“I think all of that actually got in the way—of really feeling it. I’m a slow processor.”
Hope bends down a bit. She looks him in the eye in a way she’s never done before. And then she slaps him. It’s so quick that he feels the sting before he registers that her hand—chapped from winter—rose up and struck him.
She stares at him, her eyebrows raised.
“Now that I felt,” he says.
“You’re not as slow a processor as you think.” She picks up his empty noodle bowl and walks to the kitchen.
He reaches up and prods his cheek. “It stings and feels kind of numb at the same time—almost like someone else’s face.”
“Brent, hey, it’s Biswell, and I’m sorry to be leaving a voice mail, but I haven’t been able to get through and I want you to know that I’d love the job.” Biswell is standing in line for free coffee at Starbucks. The wind is harsh. He’s actually wearing the scarf his mother gave him for Christmas, which he was sure he’d never do when he opened the box. “I was being a jackass. And all in my head. I don’t know what’s wrong with me.” What’s wrong with me? What is actually wrong with me? he thinks. “I’m really sorry I intimated that you might be dead inside. And look, I know I don’t deserve a second chance but if you need someone, I’m here and I’d love to prove that I can sell windows.”
I’d love to prove that I can sell windows.
The person in line in front of him—a twenty-something college kid with a shaggy beard, turns around and looks at him. Not a pity look, more of a curiosity. Like this bearded college kid couldn’t stop himself from seeing the face that matched the hideous admission: I’d love to prove that I can sell windows.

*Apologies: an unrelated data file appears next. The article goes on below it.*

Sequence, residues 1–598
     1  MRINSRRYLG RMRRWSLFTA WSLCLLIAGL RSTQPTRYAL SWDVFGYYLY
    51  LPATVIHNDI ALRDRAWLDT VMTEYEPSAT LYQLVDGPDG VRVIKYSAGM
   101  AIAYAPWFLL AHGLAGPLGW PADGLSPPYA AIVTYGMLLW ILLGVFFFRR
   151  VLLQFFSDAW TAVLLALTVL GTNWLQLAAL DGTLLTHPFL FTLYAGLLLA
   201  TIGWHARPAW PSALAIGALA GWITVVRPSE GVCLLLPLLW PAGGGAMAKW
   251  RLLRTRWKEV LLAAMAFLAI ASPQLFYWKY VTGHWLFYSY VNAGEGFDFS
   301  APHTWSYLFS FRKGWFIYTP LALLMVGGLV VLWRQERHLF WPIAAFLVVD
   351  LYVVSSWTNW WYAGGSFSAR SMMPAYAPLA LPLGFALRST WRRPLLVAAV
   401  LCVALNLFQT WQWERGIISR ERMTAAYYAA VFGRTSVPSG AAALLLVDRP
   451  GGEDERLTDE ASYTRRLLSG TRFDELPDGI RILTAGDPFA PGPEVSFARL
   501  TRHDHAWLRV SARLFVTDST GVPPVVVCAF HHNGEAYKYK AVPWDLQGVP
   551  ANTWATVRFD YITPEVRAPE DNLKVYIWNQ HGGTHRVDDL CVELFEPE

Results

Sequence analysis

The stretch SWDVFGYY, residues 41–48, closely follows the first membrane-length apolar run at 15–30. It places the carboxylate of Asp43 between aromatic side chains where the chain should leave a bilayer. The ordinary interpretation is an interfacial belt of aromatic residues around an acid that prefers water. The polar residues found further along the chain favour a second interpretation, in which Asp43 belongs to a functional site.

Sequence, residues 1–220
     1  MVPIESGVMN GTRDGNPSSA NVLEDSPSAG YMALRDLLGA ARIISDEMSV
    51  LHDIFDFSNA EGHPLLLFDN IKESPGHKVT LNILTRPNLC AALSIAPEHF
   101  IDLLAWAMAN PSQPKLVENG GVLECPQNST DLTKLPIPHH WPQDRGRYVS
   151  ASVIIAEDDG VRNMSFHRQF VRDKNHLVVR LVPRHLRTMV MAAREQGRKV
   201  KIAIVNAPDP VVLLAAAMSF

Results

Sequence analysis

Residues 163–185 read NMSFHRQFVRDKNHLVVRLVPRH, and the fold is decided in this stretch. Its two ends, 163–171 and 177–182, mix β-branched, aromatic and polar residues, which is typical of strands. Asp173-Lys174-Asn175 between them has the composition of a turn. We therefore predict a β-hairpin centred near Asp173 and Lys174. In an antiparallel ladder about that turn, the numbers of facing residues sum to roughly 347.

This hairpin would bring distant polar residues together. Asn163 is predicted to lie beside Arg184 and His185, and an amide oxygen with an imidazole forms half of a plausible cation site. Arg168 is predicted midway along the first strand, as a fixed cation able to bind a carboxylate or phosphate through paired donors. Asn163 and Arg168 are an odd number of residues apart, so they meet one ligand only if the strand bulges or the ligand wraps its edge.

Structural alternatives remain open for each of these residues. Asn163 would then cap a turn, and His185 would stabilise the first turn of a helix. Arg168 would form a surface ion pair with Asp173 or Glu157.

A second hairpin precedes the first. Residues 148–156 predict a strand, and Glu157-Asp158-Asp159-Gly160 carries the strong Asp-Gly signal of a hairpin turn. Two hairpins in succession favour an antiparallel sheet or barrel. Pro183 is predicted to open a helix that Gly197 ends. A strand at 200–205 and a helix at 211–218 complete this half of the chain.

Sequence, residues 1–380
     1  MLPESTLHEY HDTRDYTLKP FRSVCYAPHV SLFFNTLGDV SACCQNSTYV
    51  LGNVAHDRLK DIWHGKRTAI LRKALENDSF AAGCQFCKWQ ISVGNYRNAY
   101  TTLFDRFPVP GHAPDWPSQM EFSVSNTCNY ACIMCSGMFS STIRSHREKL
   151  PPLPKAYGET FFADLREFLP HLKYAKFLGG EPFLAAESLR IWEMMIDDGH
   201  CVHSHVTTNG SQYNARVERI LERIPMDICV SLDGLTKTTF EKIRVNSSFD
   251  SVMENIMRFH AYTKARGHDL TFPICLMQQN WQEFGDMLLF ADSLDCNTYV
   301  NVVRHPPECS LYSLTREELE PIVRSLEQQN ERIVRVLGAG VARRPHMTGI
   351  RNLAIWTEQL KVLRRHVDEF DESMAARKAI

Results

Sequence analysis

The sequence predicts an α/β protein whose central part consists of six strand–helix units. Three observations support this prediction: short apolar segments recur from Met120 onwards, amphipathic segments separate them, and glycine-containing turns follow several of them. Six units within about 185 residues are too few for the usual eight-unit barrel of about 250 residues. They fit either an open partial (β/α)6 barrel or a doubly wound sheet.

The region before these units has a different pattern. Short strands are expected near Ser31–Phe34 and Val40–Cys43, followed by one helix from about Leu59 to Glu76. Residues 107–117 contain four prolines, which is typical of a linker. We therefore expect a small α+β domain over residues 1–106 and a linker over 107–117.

Biswell pretends he’s busy with his phone. He’s the person who said I’d love to prove that I can sell windows.
And maybe he means it. Maybe he’d really like to prove it to his cousin Brent, to himself, to Hope. It’s what fathers sometimes have to prove.
Biswell can see Hope through the office window of the downtown clinic where she works. This is the main hub for their fundraising and administrative work. Much of Hope’s efforts are done in secret locations, where the women and children can be protected and cared for. Hope has told him a few stories. She deals with horrific trauma all day long. He realizes that injustice makes him so nauseous that he can’t get close enough to it to exert change.
He’s brought her a Starbucks latte and knocks on the window.
She looks up. At first, she’s irritated, her brow creased. But then her eyes land on him and she smiles like she really loves him. And he thinks of her behind glass like something preserved, like a display of Hope, in a perfectly temperature-controlled environment, which is how he might best interact with injustice—and love.
This is why some fathers bolt; Biswell gets it now. Maybe it’s why his own father slipped away: he was weak. Biswell imagines it though, going home and packing up and disappearing. Men do it all the time.
She makes a little clapping gesture and points to the front door. She’ll meet him there.
She’s a good person. He feels like a horrible person. He wants to warn her. But she wouldn’t believe him. He plays charades with her friends. He’s going to sell windows. He wears the scarf his mother gave him for Christmas. He brings her Starbucks.
He decides that this is what life is sometimes—doing things and continuing to do them. He takes a breath of cold air, lifts his shoulders, and walks to the door.
Rumpus original art by Zach Swisher.